Walk into most classrooms and you'll see one or more bulletin boards. Some will be creatively designed with eye-popping colors, dynamic illustrations, and three-dimensional letters. Others will simply be a hodge-podge of old, faded, and worn-out bulletins.
The difference is clear. Classrooms that are visually appealing and intellectually stimulating are those in which teachers have devoted considerable attention to their classroom bulletin boards. Your students will spend a significant portion of their waking hours in your classroom. It's important, therefore, that your classroom be one that excites, stimulates, and motivates students in a host of learning opportunities.
Bulletin boards in elementary classrooms come in all shapes, sizes, and dimensions. Many teachers typically use these bulletin boards and bulletin board items:
|alphabet charts||handwriting chart||Pledge of Allegiance|
|attendance chart||letter charts||rules|
|birthdays||number chart||school calendar|
|classroom calendar||outstanding work||weather chart|
|classroom helpers||phonics chart||word wall|
|current events||photo gallery||writing guidelines|
Middle school and high school bulletin boards are often reflective of specific subjects or topics and, thus, can vary widely. Here are some standard examples:
|bell or period schedule||newspaper clippings|
|calendar||periodic table (science class)|
|classroom rules||Pledge of Allegiance|
|current events||school news|
|famous people/sayings||student writing(s)|
|homework policy||team schedules|
You can obtain newsprint by visiting your local newspaper office on a regular basis. They often have excess rolls of newsprint after a print run of the newspaper. You can obtain this newsprint for free, just for asking.
Need more tips and possibilities for the bulletin boards in your classroom?
Plan to change your bulletin boards, at the very least, once a month. Bulletin board displays lose their effectiveness if left standing for the entire school year!
Whenever possible, create interactive bulletin boards. Provide flaps to lift, pockets to fill, Velcro pull-offs, puzzles to complete, or dials to spin. These bulletin boards directly involve students in a host of learning opportunities.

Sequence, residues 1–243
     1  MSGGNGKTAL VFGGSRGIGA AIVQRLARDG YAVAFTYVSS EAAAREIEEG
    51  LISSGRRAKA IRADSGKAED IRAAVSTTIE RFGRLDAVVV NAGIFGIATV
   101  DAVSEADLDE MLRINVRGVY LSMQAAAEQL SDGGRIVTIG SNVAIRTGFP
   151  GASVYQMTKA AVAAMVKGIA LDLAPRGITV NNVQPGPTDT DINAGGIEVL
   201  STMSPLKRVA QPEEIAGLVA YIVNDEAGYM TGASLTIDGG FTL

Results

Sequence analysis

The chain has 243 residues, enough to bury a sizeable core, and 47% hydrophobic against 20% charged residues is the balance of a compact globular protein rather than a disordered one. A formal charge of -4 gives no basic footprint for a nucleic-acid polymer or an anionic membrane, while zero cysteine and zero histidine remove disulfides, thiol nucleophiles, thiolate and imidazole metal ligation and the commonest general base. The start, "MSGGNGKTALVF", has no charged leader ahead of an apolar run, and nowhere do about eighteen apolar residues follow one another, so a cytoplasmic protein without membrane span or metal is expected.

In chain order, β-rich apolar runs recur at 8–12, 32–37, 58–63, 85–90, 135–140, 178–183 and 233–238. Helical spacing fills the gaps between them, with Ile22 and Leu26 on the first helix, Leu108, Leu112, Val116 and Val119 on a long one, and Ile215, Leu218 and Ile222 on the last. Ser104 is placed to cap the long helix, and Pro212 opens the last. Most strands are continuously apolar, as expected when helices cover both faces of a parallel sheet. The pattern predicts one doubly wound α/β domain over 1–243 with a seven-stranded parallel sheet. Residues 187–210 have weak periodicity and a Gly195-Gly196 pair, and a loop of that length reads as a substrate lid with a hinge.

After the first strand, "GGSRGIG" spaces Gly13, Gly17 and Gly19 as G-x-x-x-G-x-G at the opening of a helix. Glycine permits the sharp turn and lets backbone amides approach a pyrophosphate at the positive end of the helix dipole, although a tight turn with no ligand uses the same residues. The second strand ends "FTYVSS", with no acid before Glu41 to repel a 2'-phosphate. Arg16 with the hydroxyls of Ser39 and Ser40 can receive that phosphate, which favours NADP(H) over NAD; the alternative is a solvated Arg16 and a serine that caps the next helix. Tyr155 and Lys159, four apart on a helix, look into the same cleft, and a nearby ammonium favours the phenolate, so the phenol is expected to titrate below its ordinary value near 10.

Use a variety of bright colors, large letters, and lots of illustrations. Don't overload the visuals, however. Be sure there's sufficient “white space” on the bulletin board, too.
Provide lots of opportunities for students to design and assemble bulletin boards. Encourage them to post their work and celebrate their accomplishments.
Create extra bulletin boards by covering a wall of the classroom with butcher paper or newsprint. Students can write announcements, vocabulary words, or sayings on the paper. You can easily remove and replace the paper throughout the year.
Create hanging bulletin boards by stringing a wire or heavy twine from corner to corner of your classroom. Put clothespins on the wire and hang student work, inspirational posters, decorations, or other items.
Create a simple bulletin board that you can change each week. Post a series of different puzzles, mini-mysteries, word searches, or brainteasers each week for students to tackle during their free moments.
Consider creating at least one “special events” bulletin board. This can be used to celebrate birthdays, the loss of a first tooth, new sisters or brothers (elementary); an historical event, a sports team victory, or a Student of the Week (secondary).
Excerpted from The Complete Idiot's Guide to Success as a Teacher © 2005 by Anthony D. Fredericks. All rights reserved including the right of reproduction in whole or in part in any form. Used by arrangement with Alpha Books, a member of Penguin Group (USA) Inc.To order this book visit Amazon's web site or call 1-800-253-6476.
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